In a gold bull market, there are “bad” hedges and “good” hedges from a shareholder cashflow perspective.  Bad hedges include forward sales and writing call options.  Forward sales simply involve promising to deliver gold at a future date for a set price.  Selling (or writing) call options grants the counterparty to the option contract the right to buy gold at a certain price for a certain period of time.  If gold prices are rising, both of these types of hedges can have potentially unlimited opportunity costs for investors.  For instance, if gold is trading at $450 per ounce, and a hedging company has a forward sale or written call outstanding at $300, the company is contractually obligated to sell gold at the contract price of $300, well below the spot price.  Investors expecting a gold bull market do not want to be burdened with these “bad” hedges.  On the other hand, there are also “good” hedges to have in a gold bull market.  These instruments are exactly the opposite of the bad hedges, and include forward purchases and call options purchased.  With a forward purchase, the hedger can benefit from a rising gold price.  For instance, if the hedging company enters into a forward purchase contract at $325, and the market price of gold rises to $375, the hedger can buy gold per contract at $325, and immediately sell it in the open market for $375, netting shareholders a quick $50 per ounce profit.  Purchasing a call option has very similar potential effect, except the option may be exercised at any time over a contractual period of time, and not only on a specific date.  If a company buys a gold call option at a strike price of $350, and gold runs to $600, the company has the right to purchase gold at $350 and immediately sell the gold in the open market at the new market price, yielding a $250 per ounce profit in this example.  Durban Roodepoort Deep’s current hedgebook consists of both good and bad hedges for the coming bull market in gold.  Good hedges can be used to offset bad hedges, resulting in more exposure to upward movement in the price of gold for Durban shareholders.  The table below outlines the current state of the company’s hedgebook.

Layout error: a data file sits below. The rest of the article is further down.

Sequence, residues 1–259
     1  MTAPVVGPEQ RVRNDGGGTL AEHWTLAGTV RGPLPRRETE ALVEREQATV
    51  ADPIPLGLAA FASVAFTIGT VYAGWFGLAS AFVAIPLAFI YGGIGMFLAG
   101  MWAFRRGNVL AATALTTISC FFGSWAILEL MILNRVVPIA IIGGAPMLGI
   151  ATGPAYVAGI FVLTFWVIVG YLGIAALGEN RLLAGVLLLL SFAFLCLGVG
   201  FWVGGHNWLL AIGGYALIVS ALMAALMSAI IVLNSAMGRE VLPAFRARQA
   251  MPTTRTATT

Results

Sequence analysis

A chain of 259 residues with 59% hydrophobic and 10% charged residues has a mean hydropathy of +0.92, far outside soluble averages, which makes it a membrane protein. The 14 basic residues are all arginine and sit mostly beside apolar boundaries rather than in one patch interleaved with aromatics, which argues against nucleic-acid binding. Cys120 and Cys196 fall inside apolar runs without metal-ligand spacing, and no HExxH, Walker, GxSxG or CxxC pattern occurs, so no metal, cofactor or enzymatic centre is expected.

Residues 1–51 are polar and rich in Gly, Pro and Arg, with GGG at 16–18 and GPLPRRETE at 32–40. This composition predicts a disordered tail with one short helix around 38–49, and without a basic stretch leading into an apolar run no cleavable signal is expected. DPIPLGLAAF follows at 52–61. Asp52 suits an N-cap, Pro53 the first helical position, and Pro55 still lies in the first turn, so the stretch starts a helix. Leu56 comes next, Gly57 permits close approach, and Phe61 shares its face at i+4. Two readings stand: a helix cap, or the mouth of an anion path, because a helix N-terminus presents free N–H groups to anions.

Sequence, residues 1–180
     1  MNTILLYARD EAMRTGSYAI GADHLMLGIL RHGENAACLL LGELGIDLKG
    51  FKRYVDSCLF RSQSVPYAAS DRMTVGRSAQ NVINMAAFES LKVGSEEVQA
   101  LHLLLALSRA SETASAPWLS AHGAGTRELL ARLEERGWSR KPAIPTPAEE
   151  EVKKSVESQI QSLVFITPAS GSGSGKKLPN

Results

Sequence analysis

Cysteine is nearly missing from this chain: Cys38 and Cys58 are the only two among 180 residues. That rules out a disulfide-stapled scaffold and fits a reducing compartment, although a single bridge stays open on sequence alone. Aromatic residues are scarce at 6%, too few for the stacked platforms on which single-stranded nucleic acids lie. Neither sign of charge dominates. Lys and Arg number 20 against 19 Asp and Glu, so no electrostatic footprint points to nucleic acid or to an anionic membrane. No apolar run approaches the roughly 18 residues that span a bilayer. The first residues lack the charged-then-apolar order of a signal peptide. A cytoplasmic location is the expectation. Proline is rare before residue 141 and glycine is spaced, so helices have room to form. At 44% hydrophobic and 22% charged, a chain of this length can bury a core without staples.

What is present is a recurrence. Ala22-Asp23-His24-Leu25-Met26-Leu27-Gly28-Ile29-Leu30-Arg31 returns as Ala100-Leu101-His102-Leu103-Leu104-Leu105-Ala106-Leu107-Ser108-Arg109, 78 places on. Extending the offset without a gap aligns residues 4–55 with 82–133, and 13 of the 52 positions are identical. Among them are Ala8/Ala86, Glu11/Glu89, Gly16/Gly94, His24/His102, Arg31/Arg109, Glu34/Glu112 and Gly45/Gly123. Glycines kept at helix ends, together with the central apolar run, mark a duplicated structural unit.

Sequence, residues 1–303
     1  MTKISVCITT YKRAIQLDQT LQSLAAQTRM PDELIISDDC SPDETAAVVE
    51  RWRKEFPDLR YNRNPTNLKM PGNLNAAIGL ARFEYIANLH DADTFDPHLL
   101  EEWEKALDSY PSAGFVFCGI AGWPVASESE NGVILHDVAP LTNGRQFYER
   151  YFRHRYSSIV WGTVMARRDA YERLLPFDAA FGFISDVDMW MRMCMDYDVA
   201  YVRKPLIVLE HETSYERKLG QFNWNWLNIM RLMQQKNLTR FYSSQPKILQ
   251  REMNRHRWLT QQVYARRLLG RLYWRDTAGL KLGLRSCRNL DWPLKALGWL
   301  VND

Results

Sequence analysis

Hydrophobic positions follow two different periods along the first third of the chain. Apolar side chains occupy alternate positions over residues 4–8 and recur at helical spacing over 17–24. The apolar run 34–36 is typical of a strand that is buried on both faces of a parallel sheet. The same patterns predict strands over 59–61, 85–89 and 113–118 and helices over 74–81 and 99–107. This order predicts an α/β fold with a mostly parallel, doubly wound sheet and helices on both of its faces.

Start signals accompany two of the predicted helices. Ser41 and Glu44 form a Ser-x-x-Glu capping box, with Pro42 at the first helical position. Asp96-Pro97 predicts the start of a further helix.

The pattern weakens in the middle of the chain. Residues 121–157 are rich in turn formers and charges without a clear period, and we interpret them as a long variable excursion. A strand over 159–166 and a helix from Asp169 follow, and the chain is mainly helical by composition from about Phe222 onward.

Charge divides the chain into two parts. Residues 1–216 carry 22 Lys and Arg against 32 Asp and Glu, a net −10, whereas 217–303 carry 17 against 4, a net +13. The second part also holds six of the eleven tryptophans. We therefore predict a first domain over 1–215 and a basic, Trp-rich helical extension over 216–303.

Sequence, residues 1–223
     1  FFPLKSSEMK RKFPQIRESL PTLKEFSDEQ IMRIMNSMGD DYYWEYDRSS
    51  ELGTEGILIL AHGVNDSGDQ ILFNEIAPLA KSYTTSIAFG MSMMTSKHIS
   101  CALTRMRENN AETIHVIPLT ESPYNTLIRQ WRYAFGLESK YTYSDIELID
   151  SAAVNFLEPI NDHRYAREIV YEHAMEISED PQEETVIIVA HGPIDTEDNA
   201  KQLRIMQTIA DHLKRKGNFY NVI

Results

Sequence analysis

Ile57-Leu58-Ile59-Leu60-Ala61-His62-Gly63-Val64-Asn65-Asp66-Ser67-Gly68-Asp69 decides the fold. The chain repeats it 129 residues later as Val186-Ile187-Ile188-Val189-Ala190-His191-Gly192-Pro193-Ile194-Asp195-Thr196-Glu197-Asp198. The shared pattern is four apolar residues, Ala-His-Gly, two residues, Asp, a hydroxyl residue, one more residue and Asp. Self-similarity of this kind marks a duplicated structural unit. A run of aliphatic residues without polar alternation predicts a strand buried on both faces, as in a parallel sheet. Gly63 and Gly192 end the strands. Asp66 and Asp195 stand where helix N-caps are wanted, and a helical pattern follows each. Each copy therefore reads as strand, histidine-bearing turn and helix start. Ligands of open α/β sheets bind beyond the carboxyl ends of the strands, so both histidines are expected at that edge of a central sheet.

Although this analysis is simplified (specific hedge strike prices are not modeled, for instance), it provides a materially accurate view of Durban’s current hedge exposure.  The specific ounces hedged are from Durban’s website, but the estimated production in future years is a hypothetical creation.  Future estimates of production are based on a very conservative 1.2m ounces produced in this new fiscal year, growing by 10% compounded annually for the following years.  (Actual production in FY2000 was 1.1m ounces, a stunning 74% higher than the previous year’s 633k ounces.)  In addition, purchased put options are not considered in this analysis.  Purchasing put options gives Durban the contractual option to sell gold at a certain price in a defined future timeframe.  When gold runs, these options will not be exercised and will simply be allowed to expire.  The cash cost for the put options is already sunk, and is immaterial to negative hedge exposure.  Overall, as the above table shows, Durban’s net bad hedges are very modest and management has improved the hedgebook dramatically over the past year.  On average, net bad hedge exposure for a gold rally is a very low 8.5% over the next five years.  Fiscal year 2002 (July 2001 to June 2002) currently has the highest exposure, but Durban management has publicly stated that the hedge positions will be further reduced as market conditions permit.  Global gold investors should not underestimate the significance of this reduction of the hedgebook.  It demonstrates Durban management is bullish on the price of gold and is actively striving to maximize shareholder participation (and subsequent wealth creation) in the coming gold bull market.  Mr. Prinsloo, in a recent interview with Moneyweb, indicated management conservatively believes the gold price will move through $300 in the near future, and then regroup at the $310 to $320 level.  As a shareholder, it is incredibly reassuring to have capital invested in a gold mining operation that ACTUALLY BELIEVES gold is set to rise in price.  Unfortunately, many gold mining companies around the world are hedged to the hilt, and they believe the hollow propaganda of the bullion and central bankers that gold is a “barbaric relic” and destined to trend down to a price of zero.  They are, of course, dead wrong, and Durban management realizes this and is rapidly positioning Durban to surf high on the face of the coming gold tsunami.